Everything As a Service – shifting solutions for businesses that never stop moving
Era of cloud solutions came as a proof of the claim that leading technology does not necessarily have to be the most expensive one. It has enabled access to fast and modern technology at affordable prices. Why did those “as a service” solutions become so popular in today’s business? It is quite simple – they are easy to implement and are adaptable to company’s needs, without a permanent commitment to the service. Whereas implementing and maintaining in-house solutions always poses a certain risk, “as a service” solutions allow choosing an option that suits your business and one that can be changed according to your requirements. Depending on the chosen service, you pay a monthly subscription, without the fear of chosen technology going obsolete.
An interesting example is surely the one of Amazon, a “store” that apart from selling just about everything, recognized the potential of cloud-based services early-on. They started Amazon Web Services (AWS) ten years ago and in the beginning, it was a service used only by startups that needed a cheap solution. Despite Internet giants such as Microsoft, Oracle, Google and IBM, AWS is the largest provider of cloud solutions today and their services are used by companies like Netflix and General Electric.
Globalization and digitalization emphasized the importance of human factor. By breaking down the business boundaries, steady pillars of hierarchical job division loosened up. In the modern working environment, there is a noticeable shift towards a more adaptive workflow model where people work in teams or network of teams that collaborate and exchange information. A large number of jobs can be performed from any location at any time. This change enabled a more flexible working setting where 9 to 5 is no longer an imperative.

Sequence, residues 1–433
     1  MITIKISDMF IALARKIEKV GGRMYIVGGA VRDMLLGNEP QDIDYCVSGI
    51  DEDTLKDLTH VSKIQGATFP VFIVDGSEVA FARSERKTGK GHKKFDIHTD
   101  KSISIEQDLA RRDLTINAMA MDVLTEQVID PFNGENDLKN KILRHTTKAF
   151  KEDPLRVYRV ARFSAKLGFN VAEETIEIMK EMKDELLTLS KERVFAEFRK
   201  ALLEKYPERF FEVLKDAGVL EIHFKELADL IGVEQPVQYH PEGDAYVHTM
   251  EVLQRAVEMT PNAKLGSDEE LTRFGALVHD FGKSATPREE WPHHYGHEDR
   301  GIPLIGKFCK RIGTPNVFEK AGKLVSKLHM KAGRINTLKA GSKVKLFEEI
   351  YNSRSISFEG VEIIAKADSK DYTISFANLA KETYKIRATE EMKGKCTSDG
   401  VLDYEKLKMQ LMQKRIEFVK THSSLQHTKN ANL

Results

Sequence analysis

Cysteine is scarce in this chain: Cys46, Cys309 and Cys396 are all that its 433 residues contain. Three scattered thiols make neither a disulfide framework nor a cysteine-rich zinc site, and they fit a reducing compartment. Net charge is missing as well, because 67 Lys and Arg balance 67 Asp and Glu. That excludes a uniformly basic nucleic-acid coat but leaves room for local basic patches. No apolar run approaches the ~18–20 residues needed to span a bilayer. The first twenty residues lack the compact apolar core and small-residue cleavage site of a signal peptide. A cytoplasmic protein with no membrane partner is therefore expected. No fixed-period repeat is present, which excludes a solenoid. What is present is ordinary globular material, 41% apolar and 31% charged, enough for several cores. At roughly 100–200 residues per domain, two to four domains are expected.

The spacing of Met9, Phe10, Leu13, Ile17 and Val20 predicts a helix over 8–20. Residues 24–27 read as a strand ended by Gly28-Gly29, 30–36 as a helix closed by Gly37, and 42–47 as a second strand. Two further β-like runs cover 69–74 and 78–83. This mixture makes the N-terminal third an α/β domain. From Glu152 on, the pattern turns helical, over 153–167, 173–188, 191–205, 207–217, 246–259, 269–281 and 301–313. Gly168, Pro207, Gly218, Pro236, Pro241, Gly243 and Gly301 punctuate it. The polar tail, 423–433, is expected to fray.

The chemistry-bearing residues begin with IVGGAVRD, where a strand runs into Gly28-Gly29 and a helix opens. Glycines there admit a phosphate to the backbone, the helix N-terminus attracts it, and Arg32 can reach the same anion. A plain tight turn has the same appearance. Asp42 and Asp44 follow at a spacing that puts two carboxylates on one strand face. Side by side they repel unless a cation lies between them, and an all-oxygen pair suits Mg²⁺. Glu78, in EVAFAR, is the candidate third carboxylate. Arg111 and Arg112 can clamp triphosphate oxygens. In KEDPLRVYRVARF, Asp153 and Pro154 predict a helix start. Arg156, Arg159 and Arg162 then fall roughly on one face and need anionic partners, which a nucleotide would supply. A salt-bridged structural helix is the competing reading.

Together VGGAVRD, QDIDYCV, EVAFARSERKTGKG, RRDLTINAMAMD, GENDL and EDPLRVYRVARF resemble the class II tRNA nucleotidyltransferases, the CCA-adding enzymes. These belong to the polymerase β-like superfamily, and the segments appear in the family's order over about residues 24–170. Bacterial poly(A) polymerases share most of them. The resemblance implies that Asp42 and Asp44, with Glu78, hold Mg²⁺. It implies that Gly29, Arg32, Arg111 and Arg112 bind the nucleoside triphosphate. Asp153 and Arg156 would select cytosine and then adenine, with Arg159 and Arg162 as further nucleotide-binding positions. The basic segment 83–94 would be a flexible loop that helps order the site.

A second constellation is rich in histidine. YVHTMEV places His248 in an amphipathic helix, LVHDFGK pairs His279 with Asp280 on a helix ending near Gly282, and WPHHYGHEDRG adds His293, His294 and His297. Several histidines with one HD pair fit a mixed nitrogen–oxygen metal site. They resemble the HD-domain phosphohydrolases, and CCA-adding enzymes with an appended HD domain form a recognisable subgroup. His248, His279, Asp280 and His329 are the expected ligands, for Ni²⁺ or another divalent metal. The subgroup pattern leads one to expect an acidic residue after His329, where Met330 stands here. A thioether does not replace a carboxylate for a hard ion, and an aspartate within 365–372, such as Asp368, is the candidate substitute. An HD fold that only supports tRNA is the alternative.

It is clear that customers are no longer just the anonymous users of your services. Their needs, expectations and opinions are important to an extent that their dissatisfaction in the form of an unfavorable criticism can cause great damage to your business. But the first step towards success must be understanding that comes from within the company. New solutions, no matter how innovative, must clearly convey the value they generate. It is unrealistic to expect that your clients embrace a service or a product that the employees themselves don’t understand. Start from the beginning – make sure that your employees know the unambiguous answer to the “why” question, so that they can clearly pass it on to potential customers.
The same goes for digital changes in the office. People don’t like using new technologies and adapt to new ways of processing if they don’t understand their benefits. If you grasped the importance of change and prepared for it structurally and procedurally, don’t omit from that equation two-way communication, investment in employee training and building up corporate culture. A culture that understands the value of its employees, enables them in realizing their potential and recognizes the importance of reasonable balance between business and private life.
It may seem like these changes have nothing to do with your business, but keep in mind the instructive story of Kodak, leader in film photography that failed to perceive the potency of the shift towards digital. The challenges they encountered were not unique, the only significance was their inability to understand that the world around them is transforming and that change waits for no one. So don’t ask for whom the bell tolls, pay close attention to the market’s heartbeats and you will clearly hear that the time is up for corporate inertia.
P.S. Surely you must have noticed that there is no blockchain in this list, although many things could be written about it. But since I learned that everything that contains the word blockchain in its name experiences a value growth (as you can see in this clip from the show Last Week Tonight with John Oliver):
I thought I should use the phenomenon to increase the value of this blog. 🙂
Nino Strajher, director, Omnizon Networks